A commercial success from the very first seasons, the crime series CSI: Las Vegas broadcasted on CBS in October 2000 in the US averages 20 million viewers per episode across the Atlantic. After the now legendary opening credits including the song Who Are You by The Who, the audience follow the night shift of Las Vegas forensics led by Gil Grissom, as they solve the most gruesome crimes thanks to fingerprints analyses, ballistic evidence, and microscopic details... In 2006, a big name of the film industry took over the reins of the show to the delight of the fans. Quentin Tarantino signed a 90-minute TV special entitled Grave Danger for the 24th and 25th episodes of season 5. The director and screenwriter reversed the preestablished roles – agent Nick Stockes, a fiber specialist, has been kidnapped and buried alive in a glass coffin, along with a tape recorder, some glow sticks, and a gun. His kidnapper then broadcasted his slow agony live on camera to the entire forensic squad. Gory and merciless, the episode reminds the audience of an earlier work by the director, while transforming the redundant narrative structure of the 45-minute-long form. Two years earlier, Quentin Tarantino had already buried a certain Uma Thurman in Kill Bill: Volume 2.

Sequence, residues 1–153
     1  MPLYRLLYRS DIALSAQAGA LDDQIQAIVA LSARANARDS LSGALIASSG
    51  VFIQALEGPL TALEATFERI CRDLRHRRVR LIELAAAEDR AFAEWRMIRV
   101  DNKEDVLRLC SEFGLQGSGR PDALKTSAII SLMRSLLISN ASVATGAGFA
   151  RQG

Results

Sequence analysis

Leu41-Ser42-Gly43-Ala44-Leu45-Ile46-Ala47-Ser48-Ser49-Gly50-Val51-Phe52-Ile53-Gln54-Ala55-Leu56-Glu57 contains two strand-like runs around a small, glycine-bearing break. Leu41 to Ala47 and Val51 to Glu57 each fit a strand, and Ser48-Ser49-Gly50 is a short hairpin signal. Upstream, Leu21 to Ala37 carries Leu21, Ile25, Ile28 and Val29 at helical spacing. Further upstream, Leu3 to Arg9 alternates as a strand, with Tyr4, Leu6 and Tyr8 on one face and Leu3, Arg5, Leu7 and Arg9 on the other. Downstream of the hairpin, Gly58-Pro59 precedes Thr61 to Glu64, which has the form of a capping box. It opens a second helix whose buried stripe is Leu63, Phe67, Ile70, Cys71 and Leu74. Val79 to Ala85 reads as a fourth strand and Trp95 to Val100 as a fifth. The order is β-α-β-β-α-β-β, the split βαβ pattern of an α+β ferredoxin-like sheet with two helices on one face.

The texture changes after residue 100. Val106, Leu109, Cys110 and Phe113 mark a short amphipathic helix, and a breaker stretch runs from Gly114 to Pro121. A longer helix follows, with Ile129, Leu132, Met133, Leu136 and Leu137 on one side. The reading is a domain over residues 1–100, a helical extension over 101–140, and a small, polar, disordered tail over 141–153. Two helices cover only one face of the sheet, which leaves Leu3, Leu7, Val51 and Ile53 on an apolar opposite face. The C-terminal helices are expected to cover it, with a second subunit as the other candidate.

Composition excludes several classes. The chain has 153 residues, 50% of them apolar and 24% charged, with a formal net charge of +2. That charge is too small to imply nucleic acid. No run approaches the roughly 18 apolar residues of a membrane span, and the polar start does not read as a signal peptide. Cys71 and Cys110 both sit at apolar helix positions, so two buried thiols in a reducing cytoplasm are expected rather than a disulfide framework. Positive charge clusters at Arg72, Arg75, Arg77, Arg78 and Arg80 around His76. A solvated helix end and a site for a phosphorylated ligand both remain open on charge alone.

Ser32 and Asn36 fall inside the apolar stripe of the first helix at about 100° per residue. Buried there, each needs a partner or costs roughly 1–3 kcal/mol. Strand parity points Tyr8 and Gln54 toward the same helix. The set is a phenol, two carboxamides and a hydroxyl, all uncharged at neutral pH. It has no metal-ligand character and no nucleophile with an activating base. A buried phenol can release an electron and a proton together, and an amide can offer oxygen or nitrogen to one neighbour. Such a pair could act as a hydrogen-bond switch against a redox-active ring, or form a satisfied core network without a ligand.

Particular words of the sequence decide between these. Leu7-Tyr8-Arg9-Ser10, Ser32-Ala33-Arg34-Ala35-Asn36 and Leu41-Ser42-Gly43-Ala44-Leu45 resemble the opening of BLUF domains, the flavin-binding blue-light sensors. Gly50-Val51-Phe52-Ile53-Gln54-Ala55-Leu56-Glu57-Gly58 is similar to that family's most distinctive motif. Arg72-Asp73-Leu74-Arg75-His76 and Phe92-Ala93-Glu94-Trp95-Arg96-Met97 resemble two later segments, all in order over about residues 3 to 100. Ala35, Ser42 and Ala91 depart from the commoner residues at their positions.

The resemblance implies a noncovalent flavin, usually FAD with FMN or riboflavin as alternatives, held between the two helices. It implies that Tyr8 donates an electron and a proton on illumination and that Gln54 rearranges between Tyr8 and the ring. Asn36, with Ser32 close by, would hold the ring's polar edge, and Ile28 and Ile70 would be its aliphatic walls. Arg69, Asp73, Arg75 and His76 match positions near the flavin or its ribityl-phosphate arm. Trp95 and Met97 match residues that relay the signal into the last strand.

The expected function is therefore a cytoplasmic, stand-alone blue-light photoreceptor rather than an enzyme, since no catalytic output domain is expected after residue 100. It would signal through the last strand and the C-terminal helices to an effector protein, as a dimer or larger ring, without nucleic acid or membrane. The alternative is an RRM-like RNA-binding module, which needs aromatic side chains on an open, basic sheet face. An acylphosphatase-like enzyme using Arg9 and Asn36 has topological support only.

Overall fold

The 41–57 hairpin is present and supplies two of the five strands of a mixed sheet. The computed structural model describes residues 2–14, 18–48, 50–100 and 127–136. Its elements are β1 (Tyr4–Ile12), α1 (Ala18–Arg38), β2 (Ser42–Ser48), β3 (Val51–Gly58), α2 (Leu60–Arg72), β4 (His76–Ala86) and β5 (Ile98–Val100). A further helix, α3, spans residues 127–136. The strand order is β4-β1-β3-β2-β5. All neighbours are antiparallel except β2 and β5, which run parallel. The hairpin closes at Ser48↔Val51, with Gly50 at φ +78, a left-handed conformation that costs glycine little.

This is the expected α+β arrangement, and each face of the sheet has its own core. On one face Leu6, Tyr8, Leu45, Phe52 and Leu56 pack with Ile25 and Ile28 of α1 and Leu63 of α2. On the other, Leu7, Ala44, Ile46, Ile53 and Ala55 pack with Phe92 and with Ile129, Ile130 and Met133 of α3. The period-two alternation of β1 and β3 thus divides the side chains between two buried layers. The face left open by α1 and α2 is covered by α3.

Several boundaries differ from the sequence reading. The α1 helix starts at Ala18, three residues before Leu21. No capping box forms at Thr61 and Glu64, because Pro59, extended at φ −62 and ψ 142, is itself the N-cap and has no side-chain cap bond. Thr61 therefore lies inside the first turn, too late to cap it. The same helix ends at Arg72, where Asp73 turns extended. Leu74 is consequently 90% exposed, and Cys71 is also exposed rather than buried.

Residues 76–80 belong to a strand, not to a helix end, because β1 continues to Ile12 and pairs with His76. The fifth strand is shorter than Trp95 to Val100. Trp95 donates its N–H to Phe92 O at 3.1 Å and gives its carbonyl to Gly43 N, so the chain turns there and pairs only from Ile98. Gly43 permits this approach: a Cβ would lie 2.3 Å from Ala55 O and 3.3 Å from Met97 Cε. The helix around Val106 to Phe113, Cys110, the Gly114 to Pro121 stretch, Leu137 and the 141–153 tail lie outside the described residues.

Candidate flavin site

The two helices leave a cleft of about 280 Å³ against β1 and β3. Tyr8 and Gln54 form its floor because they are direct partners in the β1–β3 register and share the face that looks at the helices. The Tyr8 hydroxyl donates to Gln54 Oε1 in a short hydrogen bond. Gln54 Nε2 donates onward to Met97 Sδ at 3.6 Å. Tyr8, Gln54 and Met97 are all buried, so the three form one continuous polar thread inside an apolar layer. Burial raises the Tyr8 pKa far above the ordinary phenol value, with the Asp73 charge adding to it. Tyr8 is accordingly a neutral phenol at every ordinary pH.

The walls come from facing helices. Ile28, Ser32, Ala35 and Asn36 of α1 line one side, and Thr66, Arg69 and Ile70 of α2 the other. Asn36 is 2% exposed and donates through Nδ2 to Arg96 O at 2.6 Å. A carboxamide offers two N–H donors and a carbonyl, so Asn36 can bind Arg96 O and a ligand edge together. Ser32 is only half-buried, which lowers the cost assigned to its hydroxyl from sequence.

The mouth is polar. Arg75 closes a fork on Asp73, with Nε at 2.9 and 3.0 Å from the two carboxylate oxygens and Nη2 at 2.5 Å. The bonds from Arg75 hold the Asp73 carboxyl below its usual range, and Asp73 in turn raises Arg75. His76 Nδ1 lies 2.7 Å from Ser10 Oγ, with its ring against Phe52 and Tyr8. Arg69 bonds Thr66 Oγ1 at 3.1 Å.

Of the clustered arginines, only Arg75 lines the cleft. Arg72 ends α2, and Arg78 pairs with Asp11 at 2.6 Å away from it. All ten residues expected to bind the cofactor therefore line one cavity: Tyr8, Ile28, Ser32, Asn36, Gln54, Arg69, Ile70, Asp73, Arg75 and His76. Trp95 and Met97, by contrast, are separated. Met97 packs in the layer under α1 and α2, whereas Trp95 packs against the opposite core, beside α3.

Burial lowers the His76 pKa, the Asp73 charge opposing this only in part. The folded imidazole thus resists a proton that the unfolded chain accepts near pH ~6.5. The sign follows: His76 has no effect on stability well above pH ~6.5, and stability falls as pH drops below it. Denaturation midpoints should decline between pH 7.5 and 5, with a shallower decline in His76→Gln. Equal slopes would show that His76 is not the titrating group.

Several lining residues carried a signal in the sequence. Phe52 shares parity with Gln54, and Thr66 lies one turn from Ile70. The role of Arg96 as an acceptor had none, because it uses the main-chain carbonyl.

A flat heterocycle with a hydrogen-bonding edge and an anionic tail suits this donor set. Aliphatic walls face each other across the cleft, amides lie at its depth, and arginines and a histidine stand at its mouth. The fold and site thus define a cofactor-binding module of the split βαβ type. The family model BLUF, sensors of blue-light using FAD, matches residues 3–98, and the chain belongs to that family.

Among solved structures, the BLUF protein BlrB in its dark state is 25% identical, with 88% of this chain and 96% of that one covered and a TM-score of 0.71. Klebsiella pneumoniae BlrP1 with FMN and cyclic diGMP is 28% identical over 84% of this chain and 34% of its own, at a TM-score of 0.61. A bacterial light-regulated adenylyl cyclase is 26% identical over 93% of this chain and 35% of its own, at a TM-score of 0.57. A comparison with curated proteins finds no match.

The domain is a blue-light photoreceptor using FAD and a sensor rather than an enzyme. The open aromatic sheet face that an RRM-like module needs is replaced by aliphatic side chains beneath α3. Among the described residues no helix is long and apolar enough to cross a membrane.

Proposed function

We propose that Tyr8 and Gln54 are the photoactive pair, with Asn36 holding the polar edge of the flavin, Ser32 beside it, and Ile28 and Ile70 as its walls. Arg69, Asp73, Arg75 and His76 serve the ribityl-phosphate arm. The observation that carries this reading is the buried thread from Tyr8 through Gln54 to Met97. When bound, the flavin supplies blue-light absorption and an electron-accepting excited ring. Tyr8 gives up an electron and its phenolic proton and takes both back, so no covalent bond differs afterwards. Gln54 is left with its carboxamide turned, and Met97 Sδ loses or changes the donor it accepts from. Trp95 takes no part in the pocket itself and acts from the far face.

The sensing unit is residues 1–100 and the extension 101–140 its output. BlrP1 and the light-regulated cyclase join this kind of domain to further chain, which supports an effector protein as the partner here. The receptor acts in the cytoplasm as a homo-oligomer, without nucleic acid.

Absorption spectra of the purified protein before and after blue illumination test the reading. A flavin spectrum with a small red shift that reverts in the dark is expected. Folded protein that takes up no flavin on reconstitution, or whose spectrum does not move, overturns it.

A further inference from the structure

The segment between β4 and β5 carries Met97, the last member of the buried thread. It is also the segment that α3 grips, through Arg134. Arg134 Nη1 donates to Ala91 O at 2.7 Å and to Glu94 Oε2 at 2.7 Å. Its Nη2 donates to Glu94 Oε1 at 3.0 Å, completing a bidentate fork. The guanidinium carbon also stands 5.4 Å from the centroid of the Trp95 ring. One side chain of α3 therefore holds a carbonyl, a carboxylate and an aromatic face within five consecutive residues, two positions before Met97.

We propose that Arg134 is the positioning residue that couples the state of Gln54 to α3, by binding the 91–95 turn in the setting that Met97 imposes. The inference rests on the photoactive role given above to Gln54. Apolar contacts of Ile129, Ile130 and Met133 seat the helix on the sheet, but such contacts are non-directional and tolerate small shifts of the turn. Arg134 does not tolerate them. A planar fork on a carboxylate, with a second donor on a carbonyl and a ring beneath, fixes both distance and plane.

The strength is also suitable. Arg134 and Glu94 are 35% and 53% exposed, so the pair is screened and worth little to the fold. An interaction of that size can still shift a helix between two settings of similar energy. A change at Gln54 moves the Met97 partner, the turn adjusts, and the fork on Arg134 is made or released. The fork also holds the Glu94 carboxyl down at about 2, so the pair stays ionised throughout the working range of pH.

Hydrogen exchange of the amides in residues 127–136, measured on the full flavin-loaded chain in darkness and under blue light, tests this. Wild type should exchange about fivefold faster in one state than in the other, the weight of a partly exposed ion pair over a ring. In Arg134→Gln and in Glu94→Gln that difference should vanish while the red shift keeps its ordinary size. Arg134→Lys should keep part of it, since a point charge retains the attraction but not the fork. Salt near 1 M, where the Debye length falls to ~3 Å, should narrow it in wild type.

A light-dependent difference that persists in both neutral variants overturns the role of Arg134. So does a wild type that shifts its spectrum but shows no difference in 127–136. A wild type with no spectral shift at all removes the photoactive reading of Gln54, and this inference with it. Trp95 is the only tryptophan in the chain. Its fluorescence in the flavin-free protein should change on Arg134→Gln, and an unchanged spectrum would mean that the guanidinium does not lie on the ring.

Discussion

3. The Walking Dead, Frank Darabont’s zombie series with an everlasting success
Last week, hordes of zombies, which you may have spotted, took to the streets of Paris for the shooting of the highly anticipated spin-off of The Walking Dead entitled Daryl Dixon. But do you know the creative brain behind the successful series? It is the American director Franck Darabont. Known for dedicating his talent to cinema through acclaimed features like The Shawshank Redemption (1994) and The Green Mile (1999), he also ventured into the small screen with the direction of a horror series that has probably become the most famous in the world now: The Walking Dead (2010). Based on Robert Kirkman’s comic book of the same name, the series runs for 177 episodes and 11 seasons. It tells the story of a group of survivors facing a zombie invasion and trying to survive in a post-apocalyptic world. Long before that, Frank Darabont had already proved his talents as a director with the critically acclaimed prison drama The Shawshank Redemption (1994) based on Stephen King’s masterpiece. Meanwhile, more than ten years after the release of its first season, The Walking Dead remains one of the most popular American science fiction series in the world – season 5 averaged more than 15 million viewers per episode in the US alone.
4. David Fincher infiltrates the US Congress with the series House of Cards